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A Taste of Justice for the North Korean People
On November 18, the North Korean people were finally treated to a morsel of justice. With a vote of 111 to 19 (notable dissenters included China, Cuba, Iran, and Russia), a United Nations committee called on the Security Council to take action against North Korea for its systematic human rights violations. They include maintaining city-sized gulags, enforced poverty, torture, executions, and a total lack of basic freedoms for its people. Shin Dong-hyuk, the only known person to have been born in a North Korean political prison camp and escape, was present for the landmark decision.
Since the publishing of Blaine Harden’s Escape from Camp 14, Shin has become the face of North Korean human rights. Born to parents who were imprisoned in one of North Korea’s notorious gulags, Shin was expected to live and die in the camp where he experienced forced labor, torture, mutilation and beatings. He was even witness to the execution of his mother and brother. Since escaping, his story has exposed the horrors of North Korea like never before.
Posting on his Facebook page after the UN vote, Shin expressed hopefulness at the outcome:
“The dictator and [North Korean] officials tried so hard to turn down the resolution through myriad efforts. They put my dad in the media, and broadcasted [that] my life is a complete lie, threatened me and my family, and [the] list is exhaustive....However, I am grateful to say that we... have won. We are seeing the end.”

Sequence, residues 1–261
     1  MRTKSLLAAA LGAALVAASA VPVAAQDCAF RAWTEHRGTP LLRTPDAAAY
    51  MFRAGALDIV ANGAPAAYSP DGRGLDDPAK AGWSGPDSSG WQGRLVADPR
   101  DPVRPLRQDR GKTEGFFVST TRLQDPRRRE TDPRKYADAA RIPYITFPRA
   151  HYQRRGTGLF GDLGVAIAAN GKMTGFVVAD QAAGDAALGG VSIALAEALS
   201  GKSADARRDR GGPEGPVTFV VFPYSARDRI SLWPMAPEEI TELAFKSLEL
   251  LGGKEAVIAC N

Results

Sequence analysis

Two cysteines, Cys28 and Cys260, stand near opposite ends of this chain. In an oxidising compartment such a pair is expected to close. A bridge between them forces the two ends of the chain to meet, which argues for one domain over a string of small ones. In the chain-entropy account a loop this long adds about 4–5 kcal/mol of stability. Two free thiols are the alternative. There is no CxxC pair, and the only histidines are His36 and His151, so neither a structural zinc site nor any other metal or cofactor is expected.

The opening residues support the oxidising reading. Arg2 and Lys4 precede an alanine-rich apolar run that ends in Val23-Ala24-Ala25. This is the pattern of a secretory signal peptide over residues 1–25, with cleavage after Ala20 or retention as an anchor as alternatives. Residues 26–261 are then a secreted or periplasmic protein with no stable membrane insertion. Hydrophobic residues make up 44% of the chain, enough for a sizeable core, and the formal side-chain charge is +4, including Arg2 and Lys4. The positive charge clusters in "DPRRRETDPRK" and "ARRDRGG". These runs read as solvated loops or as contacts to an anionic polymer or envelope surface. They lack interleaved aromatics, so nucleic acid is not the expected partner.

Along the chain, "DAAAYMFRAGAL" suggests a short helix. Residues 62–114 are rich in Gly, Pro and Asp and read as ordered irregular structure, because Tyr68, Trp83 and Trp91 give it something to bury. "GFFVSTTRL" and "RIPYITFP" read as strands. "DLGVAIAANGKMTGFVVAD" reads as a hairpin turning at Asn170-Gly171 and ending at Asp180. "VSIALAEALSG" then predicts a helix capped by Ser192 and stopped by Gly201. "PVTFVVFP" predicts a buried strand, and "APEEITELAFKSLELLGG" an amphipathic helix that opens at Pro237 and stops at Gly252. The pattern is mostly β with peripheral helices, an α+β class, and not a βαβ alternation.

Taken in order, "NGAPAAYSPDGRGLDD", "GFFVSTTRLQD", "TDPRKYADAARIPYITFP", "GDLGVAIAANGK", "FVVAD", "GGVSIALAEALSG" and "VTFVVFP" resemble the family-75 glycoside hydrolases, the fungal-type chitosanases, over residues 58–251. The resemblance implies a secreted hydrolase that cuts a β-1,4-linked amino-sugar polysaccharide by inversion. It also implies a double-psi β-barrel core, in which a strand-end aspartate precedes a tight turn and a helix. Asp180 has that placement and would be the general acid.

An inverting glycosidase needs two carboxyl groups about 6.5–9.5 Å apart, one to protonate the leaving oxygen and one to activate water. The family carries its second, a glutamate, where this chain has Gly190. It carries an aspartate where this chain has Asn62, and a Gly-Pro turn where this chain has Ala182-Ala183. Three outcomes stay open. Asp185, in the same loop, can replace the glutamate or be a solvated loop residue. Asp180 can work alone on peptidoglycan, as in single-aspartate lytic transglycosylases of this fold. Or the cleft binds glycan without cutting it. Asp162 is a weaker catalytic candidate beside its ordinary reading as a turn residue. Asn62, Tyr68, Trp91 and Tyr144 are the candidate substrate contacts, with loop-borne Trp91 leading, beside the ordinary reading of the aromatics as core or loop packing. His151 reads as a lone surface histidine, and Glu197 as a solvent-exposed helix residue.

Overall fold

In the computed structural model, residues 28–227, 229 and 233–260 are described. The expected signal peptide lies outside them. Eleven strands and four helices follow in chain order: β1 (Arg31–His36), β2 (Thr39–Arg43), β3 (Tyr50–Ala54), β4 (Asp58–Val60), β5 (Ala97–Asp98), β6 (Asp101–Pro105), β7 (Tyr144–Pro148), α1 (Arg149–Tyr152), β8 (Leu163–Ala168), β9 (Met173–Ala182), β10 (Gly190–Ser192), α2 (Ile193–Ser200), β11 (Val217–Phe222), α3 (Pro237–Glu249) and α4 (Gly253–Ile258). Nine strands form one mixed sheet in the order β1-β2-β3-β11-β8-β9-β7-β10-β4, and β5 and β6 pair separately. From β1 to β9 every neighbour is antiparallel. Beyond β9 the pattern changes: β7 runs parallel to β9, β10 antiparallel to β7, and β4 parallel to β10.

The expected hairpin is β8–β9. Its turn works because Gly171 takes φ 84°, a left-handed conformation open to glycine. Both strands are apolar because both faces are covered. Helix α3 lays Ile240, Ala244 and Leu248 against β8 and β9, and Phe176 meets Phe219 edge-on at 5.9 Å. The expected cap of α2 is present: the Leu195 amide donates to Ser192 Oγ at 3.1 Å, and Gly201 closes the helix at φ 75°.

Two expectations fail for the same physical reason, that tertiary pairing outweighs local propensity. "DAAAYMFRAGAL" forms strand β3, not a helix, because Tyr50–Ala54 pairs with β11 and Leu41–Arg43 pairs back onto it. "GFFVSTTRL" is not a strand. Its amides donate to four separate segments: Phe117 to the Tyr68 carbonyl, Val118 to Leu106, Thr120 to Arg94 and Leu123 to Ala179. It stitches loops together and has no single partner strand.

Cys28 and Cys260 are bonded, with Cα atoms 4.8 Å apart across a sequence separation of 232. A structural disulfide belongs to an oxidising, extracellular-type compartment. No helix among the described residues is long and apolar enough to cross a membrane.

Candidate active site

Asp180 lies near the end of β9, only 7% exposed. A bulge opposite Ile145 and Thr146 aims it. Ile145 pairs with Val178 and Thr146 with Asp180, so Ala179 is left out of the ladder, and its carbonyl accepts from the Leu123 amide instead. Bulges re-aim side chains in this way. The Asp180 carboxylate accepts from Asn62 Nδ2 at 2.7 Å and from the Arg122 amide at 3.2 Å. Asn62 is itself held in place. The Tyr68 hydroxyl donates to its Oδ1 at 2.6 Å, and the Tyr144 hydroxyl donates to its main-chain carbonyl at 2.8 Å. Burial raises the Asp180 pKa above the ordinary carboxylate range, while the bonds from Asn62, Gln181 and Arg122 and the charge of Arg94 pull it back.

China’s expected veto in the Security Council will likely derail UN efforts to punish North Korea in the short-term. Yet free countries around the world cannot be deterred from improving the human condition in North Korea. They can do this by continuing to expose the regime’s crimes, supporting refugees that have already escaped, and integrating human rights into mainstream North Korea policy.
In an interview with the Bush Center, Ambassador Jung-hoon Lee, the South Korean Envoy for Human Rights, suggested this approach is already having an effect on Pyongyang, saying:
“Whatever the United Nations is doing…Whatever the international community is doing…It’s working. So this is not the time to make compromises…Stay the course. We believe there could be improvement in the human rights condition but the international community has to remain very firm.”
Let Shin Dong-hyuk and the millions of suffering North Koreans serve as motivation to stay the course.
Christopher Walsh is the Program Coordinator for Human Freedom.
Q&A with North Korean escapee Peter Oh
Peter Oh is a 2019 North Korea Freedom Scholarship recipient who is pursuing his master’s degree in international policy and practice at George Washington University. He and his younger brother escaped North Korea in 2000 in search for food. He lived in China for three years before seeking asylum in South Korea with the help of Christian missionaries. He became a reporter for Radio Free Asia in Seoul and in 2010 was transferred to the Washington, D.C. office to report on North Korean issues.
Q&A with North Korean escapee Debby Kim
Debby Kim, a two-time North Korea Freedom Scholarship recipient, is a sophomore biochemistry major at Wheaton College in Illinois and an aspiring doctor. She escaped North Korea when she was 13 years old.
Q&A with North Korean escapee LK*
LK, a three-time North Korea Freedom Scholarship recipient, is an electrical and computer engineering student at a university in Illinois. A former member of the North Korean Army, LK remains anonymous to protect family members still living in North Korea.